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VCU psychology receives $2.4 million grant to examine skills intervention for students with ADHD

The Institute of Education Sciences awarded a $2.4 million grant to Virginia Commonwealth University’s Department of Psychology in the College of Humanities and Sciences to examine the "Efficacy of an Organizational Skills Intervention for Middle School Students with ADHD."

The four-year grant will be used to compare two different types of school-based interventions for improving the academic performance of middle school-age students with Attention-Deficit/Hyperactivity Disorder (ADHD), said principal investigator Joshua M. Langberg, Ph.D., assistant professor of psychology at VCU. 

The first intervention, the Homework, Organization and Planning Skills (HOPS) intervention developed by Langberg, teaches students how to organize their materials, plan ahead and manage time effectively. The second intervention, homework support, helps students stay on task and focused, and to complete homework more efficiently. Students in both groups will receive the same amount of intervention in terms of number of sessions and time. The grant funding will allow Langberg and co-investigator Albert D. Farrell, Ph.D., professor of psychology at VCU, to hire school counselors to implement both intervention conditions.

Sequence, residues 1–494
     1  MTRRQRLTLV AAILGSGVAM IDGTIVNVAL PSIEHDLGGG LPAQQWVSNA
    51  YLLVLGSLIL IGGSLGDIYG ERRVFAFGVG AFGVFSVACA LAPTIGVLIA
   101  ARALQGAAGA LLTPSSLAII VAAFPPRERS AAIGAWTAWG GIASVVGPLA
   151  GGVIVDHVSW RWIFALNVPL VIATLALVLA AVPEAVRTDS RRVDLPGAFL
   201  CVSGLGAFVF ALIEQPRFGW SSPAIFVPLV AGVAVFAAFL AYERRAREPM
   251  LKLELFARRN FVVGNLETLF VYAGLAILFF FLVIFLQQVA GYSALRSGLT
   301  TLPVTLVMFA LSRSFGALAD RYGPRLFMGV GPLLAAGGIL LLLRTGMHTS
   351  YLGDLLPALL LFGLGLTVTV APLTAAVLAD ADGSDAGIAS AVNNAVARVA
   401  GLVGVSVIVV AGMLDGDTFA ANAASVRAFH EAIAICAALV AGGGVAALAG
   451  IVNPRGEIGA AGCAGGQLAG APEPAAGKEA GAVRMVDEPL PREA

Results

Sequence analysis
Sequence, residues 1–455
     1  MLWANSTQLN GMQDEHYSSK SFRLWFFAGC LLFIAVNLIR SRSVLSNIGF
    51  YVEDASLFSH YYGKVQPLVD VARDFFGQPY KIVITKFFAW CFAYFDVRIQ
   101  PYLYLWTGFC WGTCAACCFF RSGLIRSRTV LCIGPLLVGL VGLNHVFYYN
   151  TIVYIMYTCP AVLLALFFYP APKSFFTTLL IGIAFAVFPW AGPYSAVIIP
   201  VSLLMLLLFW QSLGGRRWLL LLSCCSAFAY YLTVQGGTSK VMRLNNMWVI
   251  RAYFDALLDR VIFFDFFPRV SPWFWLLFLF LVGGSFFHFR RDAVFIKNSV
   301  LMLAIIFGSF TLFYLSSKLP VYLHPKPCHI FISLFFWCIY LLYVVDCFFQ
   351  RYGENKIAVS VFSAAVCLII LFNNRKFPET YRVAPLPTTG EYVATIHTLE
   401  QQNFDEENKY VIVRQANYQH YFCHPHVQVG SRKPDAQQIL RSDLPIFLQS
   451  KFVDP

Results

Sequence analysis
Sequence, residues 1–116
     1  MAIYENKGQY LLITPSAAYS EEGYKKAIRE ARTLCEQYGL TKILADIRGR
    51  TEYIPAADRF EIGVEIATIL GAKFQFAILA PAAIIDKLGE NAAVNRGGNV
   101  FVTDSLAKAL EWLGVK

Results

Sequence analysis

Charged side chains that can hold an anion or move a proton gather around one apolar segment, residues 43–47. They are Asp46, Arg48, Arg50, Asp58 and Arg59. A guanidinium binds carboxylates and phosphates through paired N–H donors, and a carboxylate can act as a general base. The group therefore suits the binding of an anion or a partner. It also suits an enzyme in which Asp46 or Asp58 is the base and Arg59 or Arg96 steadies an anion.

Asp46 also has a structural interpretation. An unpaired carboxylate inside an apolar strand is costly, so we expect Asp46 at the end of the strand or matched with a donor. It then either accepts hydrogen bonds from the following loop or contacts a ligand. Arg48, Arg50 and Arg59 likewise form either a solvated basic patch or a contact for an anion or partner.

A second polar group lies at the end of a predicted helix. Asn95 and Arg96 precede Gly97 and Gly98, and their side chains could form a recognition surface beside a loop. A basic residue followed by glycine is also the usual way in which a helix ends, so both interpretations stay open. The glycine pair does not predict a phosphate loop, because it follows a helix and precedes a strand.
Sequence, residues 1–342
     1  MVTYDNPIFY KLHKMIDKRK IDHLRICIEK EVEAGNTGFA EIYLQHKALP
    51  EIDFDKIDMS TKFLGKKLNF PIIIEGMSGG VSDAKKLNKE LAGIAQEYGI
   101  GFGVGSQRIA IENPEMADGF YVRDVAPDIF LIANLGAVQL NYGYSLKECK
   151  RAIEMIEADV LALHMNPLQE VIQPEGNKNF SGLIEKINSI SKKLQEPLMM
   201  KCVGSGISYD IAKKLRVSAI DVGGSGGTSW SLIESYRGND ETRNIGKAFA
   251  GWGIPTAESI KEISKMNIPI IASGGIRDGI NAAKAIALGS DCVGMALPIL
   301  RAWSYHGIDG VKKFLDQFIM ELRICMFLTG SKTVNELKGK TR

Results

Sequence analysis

"A primary goal of the project is to determine not only what works better — teaching organization and time-management skills or helping students stay focused when they complete work — but also, can we identify characteristics of students with ADHD that can be used to predict which approach will work best? This will allow schools to use resources more efficiently," Langberg said.

Langberg co-founded VCU’s Center for ADHD Research, Education, and Service, which provides much-needed evidence-based ADHD services to the Richmond area.

The IES is the research arm of the U.S. Department of Education. It funds top educational researchers nationwide to conduct studies that seek what works for students from preschool to postsecondary, including interventions for special education students.

About VCU and VCU Medical Center

Virginia Commonwealth University is a major, urban public research university with national and international rankings in sponsored research. Located in downtown Richmond, VCU enrolls more than 31,000 students in 226 degree and certificate programs in the arts, sciences and humanities. Sixty-seven of the programs are unique in Virginia, many of them crossing the disciplines of VCU’s 13 schools and one college. MCV Hospitals and the health sciences schools of Virginia Commonwealth University comprise VCU Medical Center, one of the nation’s leading academic medical centers. For more, see www.vcu.edu.